In the photo below, you can see that the subject is the guy without the sunglasses. The guy with the sunglasses is slightly closer to the camera, and since he isn’t quite in the focal range, he’s slightly out of focus. Not much of a difference, but a slight one. Now look at the balloons… The closer to the camera, the more out of focus. And the further behind the subject, the more out of focus. The hills are the blurriest as they are the farthest from the focal point. The lens I used for this shot is a Canon 50mm f1.8. It’s also referred to as the nifty fifty, which is a great bargain at $125 brand new. The camera I used was the Canon 50d, which I purchased used on ebay for less than what I paid for the powershot new. It is an older camera, but I haven’t run into a serious need to afford some of the more expensive, up to date cameras.

The settings are f1.8, ISO 100, Shutter Speed 1/500th of a second



2.) Shutter speed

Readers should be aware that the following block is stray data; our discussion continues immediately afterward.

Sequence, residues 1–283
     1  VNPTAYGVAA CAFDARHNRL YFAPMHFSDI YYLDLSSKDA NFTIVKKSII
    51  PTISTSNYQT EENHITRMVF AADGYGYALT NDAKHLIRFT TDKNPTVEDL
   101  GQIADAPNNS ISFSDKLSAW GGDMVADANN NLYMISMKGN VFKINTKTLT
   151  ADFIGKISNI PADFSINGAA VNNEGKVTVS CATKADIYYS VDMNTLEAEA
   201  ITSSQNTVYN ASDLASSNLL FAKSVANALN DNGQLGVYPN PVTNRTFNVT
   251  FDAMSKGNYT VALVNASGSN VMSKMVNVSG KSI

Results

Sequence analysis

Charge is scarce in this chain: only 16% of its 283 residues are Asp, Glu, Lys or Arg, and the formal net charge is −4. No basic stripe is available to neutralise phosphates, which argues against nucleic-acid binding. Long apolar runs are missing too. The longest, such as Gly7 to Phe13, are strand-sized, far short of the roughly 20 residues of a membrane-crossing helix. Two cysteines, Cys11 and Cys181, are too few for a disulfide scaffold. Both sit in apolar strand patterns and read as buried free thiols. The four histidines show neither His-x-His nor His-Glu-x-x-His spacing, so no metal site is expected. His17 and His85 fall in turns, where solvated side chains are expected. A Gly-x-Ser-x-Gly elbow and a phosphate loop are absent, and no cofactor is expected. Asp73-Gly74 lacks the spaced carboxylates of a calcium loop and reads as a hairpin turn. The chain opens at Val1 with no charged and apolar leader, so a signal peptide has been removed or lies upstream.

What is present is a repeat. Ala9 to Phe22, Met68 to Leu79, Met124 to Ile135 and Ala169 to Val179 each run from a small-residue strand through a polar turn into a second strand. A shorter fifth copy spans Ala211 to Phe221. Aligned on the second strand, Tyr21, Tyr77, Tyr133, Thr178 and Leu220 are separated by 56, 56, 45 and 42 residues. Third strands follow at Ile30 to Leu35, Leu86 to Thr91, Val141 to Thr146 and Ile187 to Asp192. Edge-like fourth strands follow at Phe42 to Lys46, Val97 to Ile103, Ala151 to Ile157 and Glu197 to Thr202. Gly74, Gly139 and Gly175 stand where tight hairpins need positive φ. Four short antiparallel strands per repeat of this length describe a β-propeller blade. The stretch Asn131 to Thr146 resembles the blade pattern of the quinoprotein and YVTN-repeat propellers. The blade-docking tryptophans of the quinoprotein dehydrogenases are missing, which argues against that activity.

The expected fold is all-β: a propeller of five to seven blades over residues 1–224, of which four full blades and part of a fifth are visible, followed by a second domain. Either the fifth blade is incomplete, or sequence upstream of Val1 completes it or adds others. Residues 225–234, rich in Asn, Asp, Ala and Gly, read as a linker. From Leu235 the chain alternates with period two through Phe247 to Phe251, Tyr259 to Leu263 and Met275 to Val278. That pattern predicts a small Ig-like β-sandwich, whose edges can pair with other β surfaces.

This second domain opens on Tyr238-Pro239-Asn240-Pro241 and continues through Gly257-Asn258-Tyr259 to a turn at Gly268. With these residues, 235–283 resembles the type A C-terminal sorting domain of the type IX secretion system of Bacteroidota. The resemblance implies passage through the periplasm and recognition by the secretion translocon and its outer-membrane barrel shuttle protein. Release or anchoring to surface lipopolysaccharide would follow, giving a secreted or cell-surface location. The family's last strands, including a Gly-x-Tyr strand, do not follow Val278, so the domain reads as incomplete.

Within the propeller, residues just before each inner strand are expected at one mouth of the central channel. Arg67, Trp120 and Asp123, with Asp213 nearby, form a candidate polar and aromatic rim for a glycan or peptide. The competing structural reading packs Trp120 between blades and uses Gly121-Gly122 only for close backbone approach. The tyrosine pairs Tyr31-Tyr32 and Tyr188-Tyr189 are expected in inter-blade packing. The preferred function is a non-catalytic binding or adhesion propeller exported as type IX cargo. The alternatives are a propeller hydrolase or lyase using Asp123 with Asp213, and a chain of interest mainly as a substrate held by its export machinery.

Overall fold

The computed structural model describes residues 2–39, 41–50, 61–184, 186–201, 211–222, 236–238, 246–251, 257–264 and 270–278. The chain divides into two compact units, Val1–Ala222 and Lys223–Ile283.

Start off like this; look at an oscillating fan and shut your eyes fast. You’ll be able to see more detail of the fan just before your eyes shut. This happens because you have a fast shutter speed. You can also try this at a red light when other directions are letting cars through. Look at the rims as they leave the intersection and try the same thing you did with the oscillating fan. With very slow shutter speeds, you’ll want a tripod to reduce motion blur. This is common for night photography, as you’ll want to use a slow shutter speed to let in more light. With fast shutter speeds, there’s less need for a tripod. One exception to using a slow shutter speed without a tripod is to capture a fast moving object where you want to have the background blur. An example would be a moving car. You can pan the car with your camera and the car will be in focus and the background will blur since the car stays in frame. This takes some practice at first, but it can certainly be done.